Sinkhole (short fiction): Part One

•April 9, 2019 • Leave a Comment

“Wake up!” Caroline shook Erik hard. During two tours in Iraq he had learned to sleep through most anything. Caroline’s prodding and shouting was nothing.

“Erik!” This time her prodding was amplified as the whole house shook and the explosive sound of splitting wood cracked the air.

“What?” He mumbled and rolled upright—-eyes widening.

“The house!”

“We need to leave!”

Grabbing the mag light under his nightstand and Caroline’s hand, Erik headed for the bedroom door. Then the front door.

Outside, lights were on in every neighbor’s house but theirs. People filled the street–staring at their house. Mainly staring at the half that now appeared to be falling into the crumbling earth.

“Sinkhole. We’ve already called 911.” A neighbor shook his head. It was an all too common occurrence in modern Florida. Karst topography close to the surface, water drained from the underlying rock for a growing, thirsty populace (and their lawns).

Erik looked at Caroline. “Stay here.” He trotted off towards the hole. A few neighbors joined him with their big flashlights.

At the edge he looked at the two rooms of his house now dangling off the edge of what looked like a 90-foot wide collapsed cavern. The flashing beams of multiple flashlights played across the hole like a Hollywood premiere—-until more than one stopped on a single spot under the far edge.

“A stainless steel refrigerator?” shouted one of the neighbors.

Erik shook his head. “No”

Darkness theme of loneliness and death is Truth of Life. human skull in cemetery on the pile carcass plant and dry leaves on dark background which has dim light and copy space.Deliberately placing his feet as he skirted the hole for a better look, Erik jerked to a stop when he could make out the brightly lit object. It was a stainless steel cube–approximately ten feet by ten feet by ten feet. Surrounding it were at least a dozen bleached, human skeletons laying prostrate before the monolith.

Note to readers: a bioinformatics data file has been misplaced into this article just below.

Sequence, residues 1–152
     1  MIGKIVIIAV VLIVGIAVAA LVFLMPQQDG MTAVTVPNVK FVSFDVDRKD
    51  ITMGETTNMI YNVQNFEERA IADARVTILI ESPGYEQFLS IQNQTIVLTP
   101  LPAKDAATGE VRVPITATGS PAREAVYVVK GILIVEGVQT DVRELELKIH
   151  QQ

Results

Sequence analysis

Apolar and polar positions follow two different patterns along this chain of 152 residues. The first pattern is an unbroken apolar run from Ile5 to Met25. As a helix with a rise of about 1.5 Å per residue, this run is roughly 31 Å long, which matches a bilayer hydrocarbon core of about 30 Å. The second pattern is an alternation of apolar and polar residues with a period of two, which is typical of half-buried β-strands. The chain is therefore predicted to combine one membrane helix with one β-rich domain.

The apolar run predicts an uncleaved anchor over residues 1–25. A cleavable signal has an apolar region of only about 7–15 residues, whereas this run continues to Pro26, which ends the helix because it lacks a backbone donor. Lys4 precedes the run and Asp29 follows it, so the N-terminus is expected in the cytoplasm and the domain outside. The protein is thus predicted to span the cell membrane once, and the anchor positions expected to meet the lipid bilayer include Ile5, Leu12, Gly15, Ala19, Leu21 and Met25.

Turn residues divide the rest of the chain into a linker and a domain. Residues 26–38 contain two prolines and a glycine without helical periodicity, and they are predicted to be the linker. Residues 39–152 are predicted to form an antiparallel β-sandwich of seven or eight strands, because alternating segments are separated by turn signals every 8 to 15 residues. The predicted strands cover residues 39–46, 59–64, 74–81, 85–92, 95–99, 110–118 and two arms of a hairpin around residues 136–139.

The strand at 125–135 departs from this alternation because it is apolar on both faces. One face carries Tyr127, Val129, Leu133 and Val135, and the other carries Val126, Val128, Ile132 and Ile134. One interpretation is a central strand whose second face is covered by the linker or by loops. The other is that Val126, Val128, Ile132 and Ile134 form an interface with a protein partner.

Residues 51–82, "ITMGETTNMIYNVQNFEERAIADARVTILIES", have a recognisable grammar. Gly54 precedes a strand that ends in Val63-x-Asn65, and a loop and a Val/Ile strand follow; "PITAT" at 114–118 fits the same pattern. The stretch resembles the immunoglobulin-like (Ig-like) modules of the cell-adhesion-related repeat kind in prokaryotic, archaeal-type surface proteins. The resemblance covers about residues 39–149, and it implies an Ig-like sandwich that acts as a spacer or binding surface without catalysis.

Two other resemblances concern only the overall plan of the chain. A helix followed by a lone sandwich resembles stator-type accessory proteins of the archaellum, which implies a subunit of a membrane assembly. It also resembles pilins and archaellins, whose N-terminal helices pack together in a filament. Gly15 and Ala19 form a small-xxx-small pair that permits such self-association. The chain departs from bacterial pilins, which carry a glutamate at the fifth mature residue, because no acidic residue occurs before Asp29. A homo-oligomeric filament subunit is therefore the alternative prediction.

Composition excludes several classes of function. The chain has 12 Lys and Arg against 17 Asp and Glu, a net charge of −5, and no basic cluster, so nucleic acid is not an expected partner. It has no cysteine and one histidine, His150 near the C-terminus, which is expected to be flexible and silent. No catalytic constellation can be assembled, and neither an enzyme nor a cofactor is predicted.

•March 18, 2019 • Leave a Comment

5star-shiny-hr readers favorite

Delphys Rising by Kip Koelsch follows on from the author’s first book, Wendall’s Lullaby, and tells the story of one man’s determination and obsession to communicate with dolphins. It has always been known that dolphins are highly intelligent and that they communicate with one another via clicks and high-pitched noises, but can humans decipher these sounds, and can they respond so that the dolphins understand? Bee is a dolphin who may just be able to do that. Hans is a nine-year-old who can identify the dolphins through their sound and Dr. Evan McMillon might just have invented a means to perfect the communication with Delphys. But other forces are at work, and ghosts from his past seem determined to destroy his life’s work.


COVER FINAL FRONT ONLYThe author has crafted an amazing scenario that seems all the more plausible because of his skillful and knowledgeable writing. The characters all come across as authentic and credible, and the whole scenario leads the reader to believe that such a center exists. The setting is in Tortola, and the writer describes the scene perfectly which transports the reader to the dolphin world. I have not read the first book by Kip Koelsch, but Delphys Rising is a stand-alone book and it did not deter me from enjoying and relating to the story. It certainly encourages the reader to pick up the first book to relate to the origin of the story and to the transition of Dr. Evan McMillon. The writing and the dialogue flow well, making this an enjoyable read from the start. An author to watch.

–Reader’s Favorite, 2019



•March 13, 2019 • Leave a Comment



In 2008 a young genius conceived Delphys—an innovative dolphin communication project—while submerged in the warm, salt water of a sensory deprivation tank and dark introversion of a forced separation from the woman he loved.